Fintech Leaders
Fintech Leaders
Doug Ricket, CEO of PayJoy – The $300 Million Revenue Global Juggernaut with a Mission to Empower a Billion Clients Around the World

Doug Ricket, CEO of PayJoy – The $300 Million Revenue Global Juggernaut with a Mission to Empower a Billion Clients Around the World

Miguel Armaza interviews Doug Ricket, CEO & Co-Founder of PayJoy, a global fintech with $300+ million in annual revenue serving 10+ million customers in eight countries.

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Doug Ricket is the CEO & Co-Founder of PayJoy, a global fintech with $300+ million in annualized revenue that provides credit to over 10 million customers across Latin America, Africa, and Southeast Asia.

Founded in 2015, PayJoy reached profitability in 2023 and has raised almost $200 million in equity financing from USV, Core Innovation, Greylock, Invus, and DNX.

In this episode, we discuss:

How his years at the Peace Corps in Africa shaped him and fueled his ambition to work with emerging markets

Doug grew up in Silicon Valley, but early in his career, before his time as a Google engineer and well before launching PayJoy, Doug spent two years serving for the Peace Corps in the Gambia. This crucial experience clearly shaped him and taught him valuable lessons and principles of resourcefulness that have translated into his days as an entrepreneur. Moreover, living in a rural village without basic amenities, expanded his world view and deepened his empathy for people living in radically different conditions than his. It’s not an exaggeration to say that the relationship he built with his host family and the community had a direct impact in the founding of PayJoy. When you talk to him, his passion for the topic is palpable and it’s easy to trace a direct line between his time at the Peace Corps and his desire to make technology accessible and beneficial across diverse socio-economic landscapes and try to do good through entrepreneurship.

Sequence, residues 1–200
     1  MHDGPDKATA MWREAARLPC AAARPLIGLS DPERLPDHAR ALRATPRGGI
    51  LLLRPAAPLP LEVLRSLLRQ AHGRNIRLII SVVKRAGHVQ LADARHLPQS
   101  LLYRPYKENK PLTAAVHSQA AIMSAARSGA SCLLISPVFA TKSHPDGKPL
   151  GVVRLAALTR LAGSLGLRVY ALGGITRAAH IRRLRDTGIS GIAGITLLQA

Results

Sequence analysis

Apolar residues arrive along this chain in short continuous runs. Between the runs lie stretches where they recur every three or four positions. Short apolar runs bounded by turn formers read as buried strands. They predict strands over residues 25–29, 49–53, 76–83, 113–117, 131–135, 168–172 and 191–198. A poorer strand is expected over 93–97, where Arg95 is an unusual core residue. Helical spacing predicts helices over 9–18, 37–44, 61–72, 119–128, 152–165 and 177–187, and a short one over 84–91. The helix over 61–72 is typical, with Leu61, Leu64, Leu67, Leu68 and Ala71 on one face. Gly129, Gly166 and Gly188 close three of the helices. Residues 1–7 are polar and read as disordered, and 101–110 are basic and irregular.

Lessons on building your team and the importance of the first 10 hires of a startup

”If I think of the first 10 people who joined me for PayJoy, more than half were pre-existing relationships.”

For entrepreneurs planning to build out their initial team, Doug is a big advocate of tapping into one's existing networks. These networks often come with a pre-vetted pool of potential team members, significantly simplifying the hiring process. Not only can this approach expedite recruitment, but it can also bring a level of initial trust and proven track record into the team dynamics early in a startup's days. That said, there are also pitfalls of mixing personal friendships with professional roles, and founders should think about candidates being a fit for the business beyond personal affiliations. Doug’s strategy involves external validation (e.g., having candidates interview with others to confirm their fit) before mixing personal and professional lives. This does not always work, but the approach has served PayJoy well and there are a few early hires who are still with the company today.


Strengths and weaknesses on the transition from engineer to company CEO

There's that dangerous valley in the middle, where I come from tech and I want it to happen in two days, but I'm far enough that I've lost sight of the actual details that make it take two weeks. Learning how to delegate, hire, and agree on ownership and deliverables. Those are the challenges.

Doug’s initial years at PayJoy involved a hands-on approach to coding and direct involvement in technical projects, but as the company grew, he faced the challenge of stepping back from these tasks to focus on a broader strategic leadership role. This transition has required learning to trust his team to handle technical responsibilities, a shift from being the person directly implementing solutions to one who guides and oversees. Ricket opened up about the difficulties of adjusting his expectations about how long technical tasks should take when he is no longer involved in the day-to-day coding. When this happens, learning how to delegate effectively and trust your team is the hardest chasm to cross.

Executing a business model pivot and why in startups there are no magic elves and you have to do all the work yourself… and a lot more!

"As a business leader, I didn't know that it was the right call. All I could do was say was, I think this thing isn't working and that thing looks like it'd be better. Super scary to shut it down."  

PayJoy’s initial business model focused mostly on licensing its smartphone security and credit scoring technologies across multiple markets to different providers. But as the pandemic significantly impacted most partner operations, PayJoy realized the limitations of this approach and decided to pivot to a direct lending model, where they would handle the entire operation and vertically integrate their value chain. The team understood that controlling the entire lending process would not only ensure higher profitability but also greater control over the customer experience and led them from $10 million in revenue four years ago to $300 million today.

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Miguel Armaza is Co-Founder & General Partner of Gilgamesh Ventures, a seed-stage investment fund focused on fintech in the Americas. He also hosts and writes the Fintech Leaders podcast and newsletter.